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Customer Service Essentials For All Departments

By Lisa Woods (1566 words)
Posted in Customer Service on July 11, 2012

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No matter what position you hold in your organization, customer service should be part of your job.  Do you feel that it is part of yours?  What actions do you take to incorporate your work into the customer service core of your company?  I encourage you to read through these customer service success tips and ask yourself what you can do to help support and improve the relationship your customers have with your company.  Here are six fundamental actions your customer service team can focus on to improve service levels, and the support other company departments should be providing to improve the bottom line.


Understand your products.

If you are in Customer Service, you are first person a customer talks to, so you need to be able to answer the majority of their questions, not just pass the question on to someone else in your company.  Ask for product training.  If there is no formal or extensive training program, align yourself with a sales person to get a more in depth knowledge of your company’s products.  It will make your customers happy and you will have more confidence in your job.  Take the time to create your own product-training manual, have others look at it and add / make modifications. 

  • If you work in marketing, put together a product-training program for your customer service group with literature, as well as training sessions with question/answer time.  Staggered lunch and learns and early morning/after hours meetings also work for this group.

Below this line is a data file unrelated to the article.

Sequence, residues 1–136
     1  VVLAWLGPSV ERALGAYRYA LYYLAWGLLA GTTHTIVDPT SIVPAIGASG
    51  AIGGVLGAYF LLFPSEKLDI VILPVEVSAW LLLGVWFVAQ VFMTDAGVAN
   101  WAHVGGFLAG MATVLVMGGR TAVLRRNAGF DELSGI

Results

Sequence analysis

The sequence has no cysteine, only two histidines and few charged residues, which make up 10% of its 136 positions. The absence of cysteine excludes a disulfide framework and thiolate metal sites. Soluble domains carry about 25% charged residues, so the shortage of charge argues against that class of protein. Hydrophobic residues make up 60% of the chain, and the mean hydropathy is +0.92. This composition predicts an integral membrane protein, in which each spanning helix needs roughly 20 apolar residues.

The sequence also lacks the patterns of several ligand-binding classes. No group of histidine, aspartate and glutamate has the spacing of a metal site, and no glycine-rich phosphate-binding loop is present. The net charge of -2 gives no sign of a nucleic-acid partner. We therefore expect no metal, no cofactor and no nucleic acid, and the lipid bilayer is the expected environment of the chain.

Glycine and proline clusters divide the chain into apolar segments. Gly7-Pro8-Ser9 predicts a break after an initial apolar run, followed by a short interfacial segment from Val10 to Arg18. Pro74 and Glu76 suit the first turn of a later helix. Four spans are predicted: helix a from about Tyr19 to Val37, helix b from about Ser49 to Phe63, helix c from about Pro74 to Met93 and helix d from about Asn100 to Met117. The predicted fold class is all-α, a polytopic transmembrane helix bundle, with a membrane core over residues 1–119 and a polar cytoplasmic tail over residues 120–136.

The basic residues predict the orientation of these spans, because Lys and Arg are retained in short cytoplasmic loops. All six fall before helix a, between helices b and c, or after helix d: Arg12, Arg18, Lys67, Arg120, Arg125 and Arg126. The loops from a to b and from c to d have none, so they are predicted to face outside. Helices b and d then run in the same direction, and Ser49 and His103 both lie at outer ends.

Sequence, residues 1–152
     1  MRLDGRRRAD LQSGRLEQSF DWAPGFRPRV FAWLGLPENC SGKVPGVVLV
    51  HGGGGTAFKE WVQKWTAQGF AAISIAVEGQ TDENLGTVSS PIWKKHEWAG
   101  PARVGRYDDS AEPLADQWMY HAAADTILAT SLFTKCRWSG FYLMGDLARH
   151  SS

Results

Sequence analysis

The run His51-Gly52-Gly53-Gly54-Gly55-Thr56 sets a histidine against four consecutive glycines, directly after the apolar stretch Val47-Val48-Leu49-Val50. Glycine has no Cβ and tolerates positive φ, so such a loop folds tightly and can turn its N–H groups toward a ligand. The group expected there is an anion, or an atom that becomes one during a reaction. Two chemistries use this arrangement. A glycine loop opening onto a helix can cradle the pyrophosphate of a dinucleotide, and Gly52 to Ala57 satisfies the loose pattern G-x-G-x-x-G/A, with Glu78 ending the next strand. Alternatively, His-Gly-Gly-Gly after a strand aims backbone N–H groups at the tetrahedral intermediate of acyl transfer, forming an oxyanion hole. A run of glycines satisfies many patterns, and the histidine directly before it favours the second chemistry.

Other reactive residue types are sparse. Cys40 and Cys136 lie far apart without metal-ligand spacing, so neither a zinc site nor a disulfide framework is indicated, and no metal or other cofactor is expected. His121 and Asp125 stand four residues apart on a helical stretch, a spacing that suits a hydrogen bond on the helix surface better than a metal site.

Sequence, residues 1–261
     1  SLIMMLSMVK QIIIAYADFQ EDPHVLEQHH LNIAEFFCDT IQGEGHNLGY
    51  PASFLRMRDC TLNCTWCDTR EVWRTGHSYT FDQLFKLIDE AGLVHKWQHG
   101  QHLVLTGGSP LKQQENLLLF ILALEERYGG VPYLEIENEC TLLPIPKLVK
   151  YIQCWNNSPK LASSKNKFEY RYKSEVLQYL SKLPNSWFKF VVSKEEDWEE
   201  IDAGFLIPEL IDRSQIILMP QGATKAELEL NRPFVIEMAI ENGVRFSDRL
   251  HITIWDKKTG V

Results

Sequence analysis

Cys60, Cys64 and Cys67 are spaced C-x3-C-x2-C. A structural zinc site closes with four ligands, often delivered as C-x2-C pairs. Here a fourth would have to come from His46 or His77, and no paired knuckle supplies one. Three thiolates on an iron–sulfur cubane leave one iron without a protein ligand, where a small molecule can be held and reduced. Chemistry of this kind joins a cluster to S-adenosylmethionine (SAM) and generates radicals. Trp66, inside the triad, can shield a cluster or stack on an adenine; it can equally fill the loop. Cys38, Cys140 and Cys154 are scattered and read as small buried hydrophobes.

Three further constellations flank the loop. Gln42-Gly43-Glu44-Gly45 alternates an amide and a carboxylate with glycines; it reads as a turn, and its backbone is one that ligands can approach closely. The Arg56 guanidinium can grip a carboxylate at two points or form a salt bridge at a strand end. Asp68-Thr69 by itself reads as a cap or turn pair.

• If you work in sales, try to align yourself with your customer service team to train on the products with them.  Set up a buddy system where you assign sales people to customer service people and answer questions that come up.  Share your knowledge with the customer service team regarding selling points on products via email distribution lists.  These can be simple situation/resolution informative emails.
  • If you are in operations, set up a training program for each production, inventory and distribution process so that the customer service team understands and is able to convey more informative information to your customers.  Provide a key personnel contact list to the customer service team with your staff’s contact information detailing who to call for each type of customer issue.


Remain customer focused.

Have you ever experienced a customer service person that seems annoyed that you are asking them a question?  This is not customer focused!  Imagine yourself as the customer, how would you want to be treated?  Listen to them, keep a smile on your face and project your interest in helping them find solutions.  Try putting a mirror on your desk and check out the expression you are giving to your customer.

  • If you are a support function to customer service, make sure your attitude towards them is the same as if you were talking directly to the customer.  Your efforts will shine all the way through as customer service transfers your message.


Proactively manage personalities.

Learning to manage different personalities both internally and externally can be difficult. One way is to take a deep breath and an open mind into every dialog you have. Another is to proactively train yourself on different personality types. Document the interactions you have with difficult people and define how you could have handled yourself better. What would you do the next time you encounter someone like that? If you study personality types and your responses to them, you will be able to proactively manage the situation better and provide better service the next time you encounter a similar situation. Remember to keep ego out of it. Being humble and resourceful is a better approach.


Maintain quality control and attention to detail.